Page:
What Makes 'Locke' the Perfect Vehicle

With “The Dark Knight Rises,” audiences never got a good look at Tom Hardy’s face. In “Locke,” that’s practically all they see.

A tight, tense one-man show that unfolds virtually in real time from the claustrophobic confines of a speeding BMW, “Locke” shows a very different side of the intense British actor, who plays a mellow skyscraper construction manager dodging an important work obligation in order to deal with a tricky personal issue. Calmly placing calls instead of chewing the scenery, Hardy plays it sharp and sensitive, with a beard in place of a face mask. Oh yeah, and you can understand every word he says.

If ‘Locke’s’ experimental concept intrigues, be sure to track down Dutch helmer Noud Heerkens’ 2009 “Last Conversation” as well — another single-actor tour-de-force set entirely within a moving vehicle.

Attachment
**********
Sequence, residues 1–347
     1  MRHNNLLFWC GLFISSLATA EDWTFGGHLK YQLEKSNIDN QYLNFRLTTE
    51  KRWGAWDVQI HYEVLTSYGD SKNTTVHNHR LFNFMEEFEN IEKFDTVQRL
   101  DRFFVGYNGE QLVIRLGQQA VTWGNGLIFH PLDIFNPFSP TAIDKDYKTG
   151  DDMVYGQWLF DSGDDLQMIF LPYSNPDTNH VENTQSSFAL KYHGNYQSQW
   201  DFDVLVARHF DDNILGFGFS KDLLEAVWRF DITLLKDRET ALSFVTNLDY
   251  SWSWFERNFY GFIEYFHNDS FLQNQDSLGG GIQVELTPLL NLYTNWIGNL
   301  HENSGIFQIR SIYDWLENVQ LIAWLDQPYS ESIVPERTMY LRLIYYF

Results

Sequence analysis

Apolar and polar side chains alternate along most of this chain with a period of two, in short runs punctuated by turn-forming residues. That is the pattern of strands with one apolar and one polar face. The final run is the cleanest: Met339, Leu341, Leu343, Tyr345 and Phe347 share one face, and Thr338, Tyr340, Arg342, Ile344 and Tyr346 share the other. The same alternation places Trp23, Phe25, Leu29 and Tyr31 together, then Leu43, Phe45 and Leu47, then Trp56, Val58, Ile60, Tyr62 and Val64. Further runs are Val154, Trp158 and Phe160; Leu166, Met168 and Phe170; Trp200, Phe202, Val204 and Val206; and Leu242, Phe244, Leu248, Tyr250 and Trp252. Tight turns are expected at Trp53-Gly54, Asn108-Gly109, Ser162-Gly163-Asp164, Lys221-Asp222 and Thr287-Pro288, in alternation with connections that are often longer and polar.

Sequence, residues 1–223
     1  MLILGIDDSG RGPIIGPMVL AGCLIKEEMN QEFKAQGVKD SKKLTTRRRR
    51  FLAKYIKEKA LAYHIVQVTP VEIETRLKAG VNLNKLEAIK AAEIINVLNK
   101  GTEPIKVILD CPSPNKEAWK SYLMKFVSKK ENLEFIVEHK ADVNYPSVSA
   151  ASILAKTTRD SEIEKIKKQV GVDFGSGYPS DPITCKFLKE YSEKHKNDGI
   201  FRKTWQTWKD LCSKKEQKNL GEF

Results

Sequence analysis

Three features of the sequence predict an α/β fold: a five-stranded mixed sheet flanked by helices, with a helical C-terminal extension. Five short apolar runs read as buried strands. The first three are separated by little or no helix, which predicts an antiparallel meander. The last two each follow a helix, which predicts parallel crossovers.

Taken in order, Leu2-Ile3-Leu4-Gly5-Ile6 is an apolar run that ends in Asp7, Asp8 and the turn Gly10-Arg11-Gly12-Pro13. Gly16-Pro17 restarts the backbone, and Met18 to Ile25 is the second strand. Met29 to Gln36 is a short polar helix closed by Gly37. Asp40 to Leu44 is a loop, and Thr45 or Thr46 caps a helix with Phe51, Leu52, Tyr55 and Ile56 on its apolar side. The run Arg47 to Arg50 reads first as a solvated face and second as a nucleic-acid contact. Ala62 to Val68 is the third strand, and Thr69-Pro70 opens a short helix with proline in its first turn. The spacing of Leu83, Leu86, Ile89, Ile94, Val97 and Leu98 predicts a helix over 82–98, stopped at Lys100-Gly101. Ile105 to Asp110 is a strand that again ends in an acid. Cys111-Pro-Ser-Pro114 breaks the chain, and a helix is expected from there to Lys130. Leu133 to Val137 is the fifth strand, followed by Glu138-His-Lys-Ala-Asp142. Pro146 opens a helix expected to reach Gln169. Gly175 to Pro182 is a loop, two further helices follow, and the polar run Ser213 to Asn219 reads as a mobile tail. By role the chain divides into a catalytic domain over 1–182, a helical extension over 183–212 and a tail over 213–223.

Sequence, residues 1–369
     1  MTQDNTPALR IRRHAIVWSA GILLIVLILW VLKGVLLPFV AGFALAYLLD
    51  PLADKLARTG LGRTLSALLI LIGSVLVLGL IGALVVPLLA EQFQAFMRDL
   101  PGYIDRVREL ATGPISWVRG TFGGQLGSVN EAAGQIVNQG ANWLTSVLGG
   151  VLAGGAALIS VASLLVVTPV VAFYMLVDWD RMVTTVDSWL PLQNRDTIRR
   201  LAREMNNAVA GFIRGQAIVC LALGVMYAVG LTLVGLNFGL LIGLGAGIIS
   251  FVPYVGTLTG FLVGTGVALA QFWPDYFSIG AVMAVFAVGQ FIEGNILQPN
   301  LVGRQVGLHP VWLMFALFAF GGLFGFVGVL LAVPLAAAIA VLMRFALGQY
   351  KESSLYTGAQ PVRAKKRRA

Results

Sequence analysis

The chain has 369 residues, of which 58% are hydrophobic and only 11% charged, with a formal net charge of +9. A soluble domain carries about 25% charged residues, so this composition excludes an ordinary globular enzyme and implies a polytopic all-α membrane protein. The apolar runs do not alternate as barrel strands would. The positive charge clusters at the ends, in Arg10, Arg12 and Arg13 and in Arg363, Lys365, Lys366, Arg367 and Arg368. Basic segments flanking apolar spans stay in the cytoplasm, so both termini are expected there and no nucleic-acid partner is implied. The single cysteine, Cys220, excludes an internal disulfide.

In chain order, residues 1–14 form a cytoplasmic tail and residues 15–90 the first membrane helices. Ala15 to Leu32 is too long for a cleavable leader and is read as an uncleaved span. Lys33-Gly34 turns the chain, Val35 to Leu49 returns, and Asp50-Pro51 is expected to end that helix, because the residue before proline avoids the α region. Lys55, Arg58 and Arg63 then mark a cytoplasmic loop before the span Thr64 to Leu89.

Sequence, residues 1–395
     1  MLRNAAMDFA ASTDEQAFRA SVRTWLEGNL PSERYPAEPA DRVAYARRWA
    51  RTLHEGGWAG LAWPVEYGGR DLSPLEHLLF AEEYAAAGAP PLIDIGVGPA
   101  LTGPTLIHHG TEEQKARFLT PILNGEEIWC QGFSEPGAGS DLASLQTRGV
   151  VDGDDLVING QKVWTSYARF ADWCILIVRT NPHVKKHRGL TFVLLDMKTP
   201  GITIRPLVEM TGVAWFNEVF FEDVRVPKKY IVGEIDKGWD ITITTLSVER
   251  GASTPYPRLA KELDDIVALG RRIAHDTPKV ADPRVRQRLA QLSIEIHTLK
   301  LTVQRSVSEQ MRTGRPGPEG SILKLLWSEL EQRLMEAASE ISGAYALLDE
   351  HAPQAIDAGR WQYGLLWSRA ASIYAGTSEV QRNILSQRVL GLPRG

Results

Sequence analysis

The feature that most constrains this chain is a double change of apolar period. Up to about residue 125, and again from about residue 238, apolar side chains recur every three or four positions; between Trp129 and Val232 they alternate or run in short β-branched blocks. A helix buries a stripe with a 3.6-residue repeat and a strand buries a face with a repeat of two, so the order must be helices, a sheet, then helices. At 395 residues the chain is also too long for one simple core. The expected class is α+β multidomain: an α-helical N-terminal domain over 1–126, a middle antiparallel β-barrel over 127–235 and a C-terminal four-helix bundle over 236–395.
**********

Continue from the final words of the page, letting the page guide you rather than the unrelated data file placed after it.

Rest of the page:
“After the brutality of making a film in a conventional way, my first thought was that this project could be an installation,” says director Steven Knight, referring to his state of mind after directing Jason Statham starrer “Redemption.” This time out, “I wanted to capture a theatrical experience in a moving vehicle,” he explains.

“There’s something about the way people behave when they’re alone in a car. You pull up at traffic lights, and see them doing really odd things: They’re singing, they’re (drumming), because they know that anyone who sees them is going to pull away.”

Opening date: April 25 (distributor, A24)

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